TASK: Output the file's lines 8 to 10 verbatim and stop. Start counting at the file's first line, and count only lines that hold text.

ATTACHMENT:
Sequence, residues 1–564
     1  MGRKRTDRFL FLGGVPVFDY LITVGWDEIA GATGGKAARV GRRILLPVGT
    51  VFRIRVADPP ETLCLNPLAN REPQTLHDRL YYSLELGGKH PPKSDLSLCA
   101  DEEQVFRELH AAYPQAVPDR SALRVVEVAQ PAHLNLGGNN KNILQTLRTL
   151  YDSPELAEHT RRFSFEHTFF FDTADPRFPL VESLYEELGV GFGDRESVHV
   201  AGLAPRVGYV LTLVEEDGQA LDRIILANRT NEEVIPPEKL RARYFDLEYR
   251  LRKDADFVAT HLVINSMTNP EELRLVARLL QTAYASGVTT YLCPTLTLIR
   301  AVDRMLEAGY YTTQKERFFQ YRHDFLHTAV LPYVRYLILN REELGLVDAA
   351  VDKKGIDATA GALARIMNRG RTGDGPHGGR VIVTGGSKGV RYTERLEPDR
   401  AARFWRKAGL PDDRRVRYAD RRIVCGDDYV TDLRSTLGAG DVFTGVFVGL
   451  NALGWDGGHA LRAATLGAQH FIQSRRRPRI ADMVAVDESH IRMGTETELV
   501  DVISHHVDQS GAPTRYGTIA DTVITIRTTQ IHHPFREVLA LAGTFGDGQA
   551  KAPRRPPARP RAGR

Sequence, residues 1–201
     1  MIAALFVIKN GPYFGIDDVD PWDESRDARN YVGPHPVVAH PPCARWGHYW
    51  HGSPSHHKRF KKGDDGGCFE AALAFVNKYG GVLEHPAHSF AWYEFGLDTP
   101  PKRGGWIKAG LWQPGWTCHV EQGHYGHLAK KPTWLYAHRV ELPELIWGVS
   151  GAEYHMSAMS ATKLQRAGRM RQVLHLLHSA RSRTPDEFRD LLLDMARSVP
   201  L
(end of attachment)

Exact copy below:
   301  AVDRMLEAGY YTTQKERFFQ YRHDFLHTAV LPYVRYLILN REELGLVDAA
   351  VDKKGIDATA GALARIMNRG RTGDGPHGGR VIVTGGSKGV RYTERLEPDR
   401  AARFWRKAGL PDDRRVRYAD RRIVCGDDYV TDLRSTLGAG DVFTGVFVGL